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Petition of Right

Petition of Right, 1628, a statement of civil liberties sent by the English Parliament to Charles I. Refusal by Parliament to finance the king's unpopular foreign policy had caused his government to exact forced loans and to quarter troops in subjects' houses as an economy measure. Arbitrary arrest and imprisonment for opposing these policies had produced in Parliament a violent hostility to Charles and George Villiers, 1st duke of Buckingham. The Petition of Right, initiated by Sir Edward Coke, was based upon earlier statutes and charters and asserted four principles: no taxes may be levied without consent of Parliament; no subject may be imprisoned without cause shown (reaffirmation of the right of habeas corpus); no soldiers may be quartered upon the citizenry; martial law may not be used in time of peace. In return for his acceptance (June, 1628), Charles was granted subsidies. Although the petition was of importance as a safeguard of civil liberties, its spirit was soon violated by Charles, who continued to collect tonnage and poundage duties without Parliament's authorization and to prosecute citizens in an arbitrary manner.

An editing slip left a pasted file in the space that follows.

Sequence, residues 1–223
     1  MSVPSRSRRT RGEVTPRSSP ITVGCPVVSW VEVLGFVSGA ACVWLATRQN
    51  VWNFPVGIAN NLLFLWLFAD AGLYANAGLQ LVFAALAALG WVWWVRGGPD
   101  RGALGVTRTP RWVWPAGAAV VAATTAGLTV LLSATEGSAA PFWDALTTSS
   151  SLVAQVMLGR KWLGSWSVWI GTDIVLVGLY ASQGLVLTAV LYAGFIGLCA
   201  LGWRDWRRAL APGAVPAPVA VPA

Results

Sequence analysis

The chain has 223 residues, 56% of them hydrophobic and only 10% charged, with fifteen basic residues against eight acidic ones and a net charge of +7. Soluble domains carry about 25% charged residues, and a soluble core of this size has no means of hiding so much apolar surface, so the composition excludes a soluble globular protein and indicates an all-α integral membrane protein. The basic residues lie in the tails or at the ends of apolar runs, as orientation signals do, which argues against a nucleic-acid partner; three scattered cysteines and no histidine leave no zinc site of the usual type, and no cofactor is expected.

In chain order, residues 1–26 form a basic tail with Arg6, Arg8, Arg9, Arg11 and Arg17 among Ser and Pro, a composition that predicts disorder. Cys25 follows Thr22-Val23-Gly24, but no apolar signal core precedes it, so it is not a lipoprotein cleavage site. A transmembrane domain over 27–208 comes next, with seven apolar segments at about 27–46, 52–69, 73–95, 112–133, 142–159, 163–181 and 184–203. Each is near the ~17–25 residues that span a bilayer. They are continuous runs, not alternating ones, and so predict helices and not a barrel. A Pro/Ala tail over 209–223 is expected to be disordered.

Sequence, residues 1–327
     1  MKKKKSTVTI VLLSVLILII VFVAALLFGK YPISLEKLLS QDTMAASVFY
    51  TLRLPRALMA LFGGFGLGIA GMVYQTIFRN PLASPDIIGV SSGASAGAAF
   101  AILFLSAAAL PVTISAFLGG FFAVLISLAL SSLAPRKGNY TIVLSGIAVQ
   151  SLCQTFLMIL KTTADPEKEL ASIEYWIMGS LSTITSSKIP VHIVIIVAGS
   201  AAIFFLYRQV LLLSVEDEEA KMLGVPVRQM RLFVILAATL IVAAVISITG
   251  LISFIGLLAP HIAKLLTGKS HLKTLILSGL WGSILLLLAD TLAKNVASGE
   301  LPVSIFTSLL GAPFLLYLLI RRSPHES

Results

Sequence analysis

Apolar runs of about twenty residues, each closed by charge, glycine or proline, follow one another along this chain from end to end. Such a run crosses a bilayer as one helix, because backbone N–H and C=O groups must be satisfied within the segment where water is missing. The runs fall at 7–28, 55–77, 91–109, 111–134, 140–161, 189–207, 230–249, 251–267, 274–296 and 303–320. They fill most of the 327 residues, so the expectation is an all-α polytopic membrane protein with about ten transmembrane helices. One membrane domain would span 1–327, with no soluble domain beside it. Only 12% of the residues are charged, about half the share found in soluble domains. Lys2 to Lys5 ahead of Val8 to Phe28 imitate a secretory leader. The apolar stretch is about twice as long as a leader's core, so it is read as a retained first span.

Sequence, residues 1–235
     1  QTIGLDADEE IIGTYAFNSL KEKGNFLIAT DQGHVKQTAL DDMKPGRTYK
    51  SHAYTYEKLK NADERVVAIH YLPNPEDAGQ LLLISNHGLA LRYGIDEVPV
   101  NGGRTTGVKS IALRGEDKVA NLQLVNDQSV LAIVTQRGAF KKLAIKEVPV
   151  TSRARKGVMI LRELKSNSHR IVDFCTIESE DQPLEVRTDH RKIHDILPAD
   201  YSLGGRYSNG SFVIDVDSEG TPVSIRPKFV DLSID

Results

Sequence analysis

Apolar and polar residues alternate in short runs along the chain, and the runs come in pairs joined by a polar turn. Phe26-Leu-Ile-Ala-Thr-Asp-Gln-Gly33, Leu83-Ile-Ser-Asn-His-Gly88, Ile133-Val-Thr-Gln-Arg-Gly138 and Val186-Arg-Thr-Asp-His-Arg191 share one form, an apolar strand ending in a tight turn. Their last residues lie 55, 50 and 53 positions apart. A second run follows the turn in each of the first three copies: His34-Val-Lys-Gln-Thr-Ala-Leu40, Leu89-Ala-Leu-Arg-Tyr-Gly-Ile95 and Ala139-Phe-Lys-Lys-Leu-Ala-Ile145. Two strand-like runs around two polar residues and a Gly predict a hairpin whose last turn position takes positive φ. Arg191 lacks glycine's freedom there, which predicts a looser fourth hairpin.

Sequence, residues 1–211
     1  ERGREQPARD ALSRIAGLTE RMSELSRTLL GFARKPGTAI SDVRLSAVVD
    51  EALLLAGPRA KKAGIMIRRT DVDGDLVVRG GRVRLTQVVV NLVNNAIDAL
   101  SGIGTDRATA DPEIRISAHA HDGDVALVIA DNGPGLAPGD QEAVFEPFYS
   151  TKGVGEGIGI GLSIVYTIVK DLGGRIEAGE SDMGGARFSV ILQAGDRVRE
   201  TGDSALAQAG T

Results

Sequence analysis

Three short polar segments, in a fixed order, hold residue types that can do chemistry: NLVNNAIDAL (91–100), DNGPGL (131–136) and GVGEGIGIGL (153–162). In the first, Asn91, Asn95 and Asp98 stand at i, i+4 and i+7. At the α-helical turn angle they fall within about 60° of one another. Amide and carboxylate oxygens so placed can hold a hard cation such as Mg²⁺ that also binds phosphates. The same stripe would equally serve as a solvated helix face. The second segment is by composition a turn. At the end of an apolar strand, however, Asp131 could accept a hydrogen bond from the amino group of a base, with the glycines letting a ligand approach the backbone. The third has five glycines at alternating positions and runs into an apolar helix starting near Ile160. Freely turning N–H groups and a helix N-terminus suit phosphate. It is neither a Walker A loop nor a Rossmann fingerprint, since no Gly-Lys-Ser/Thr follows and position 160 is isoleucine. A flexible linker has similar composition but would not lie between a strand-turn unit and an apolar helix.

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petition of right

petition of right, 1628. Charles I's levy of a forced loan in 1626–7 and his imprisonment of non-contributors led the Commons in 1628 to frame a petition outlawing non-parliamentary taxes and arbitrary imprisonment. Charles, concerned to preserve his prerogative, gave an ambiguous reply, to which the Commons responded by withholding their offer of a much-needed money grant. The king, with ill grace, therefore authorized a second, conventional, reply which turned the petition into law. When it was printed, Charles included only his first response, thereby arousing fears that he would renege on his promises, but in the event he scrupulously adhered to the letter of the petition.

Roger Lockyer

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petition of right

petition of right Means by which an English subject could sue the Crown; in particular, the statement of grievances against the Crown presented by Parliament to Charles I in 1628. It asserted that the Crown acted illegally in raising taxation without Parliament's consent, imprisoning people without charge, maintaining a standing army, and quartering soldiers on ordinary householders. It led to the dissolution of Parliament and Charles' period of untrammelled rule.

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Petition of Right

Petition of Right a parliamentary declaration of rights and liberties of the people presented to Charles I in a petition in 1627 and assented to by the monarch in 1628. Although not a formal statute or ordinance, this has traditionally been invested with the full force of law.

A Petitioner is any of those who signed the address to Charles II in 1680, petitioning for the summoning of Parliament (a move opposed by the Abhorrers).

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Right, Petition of

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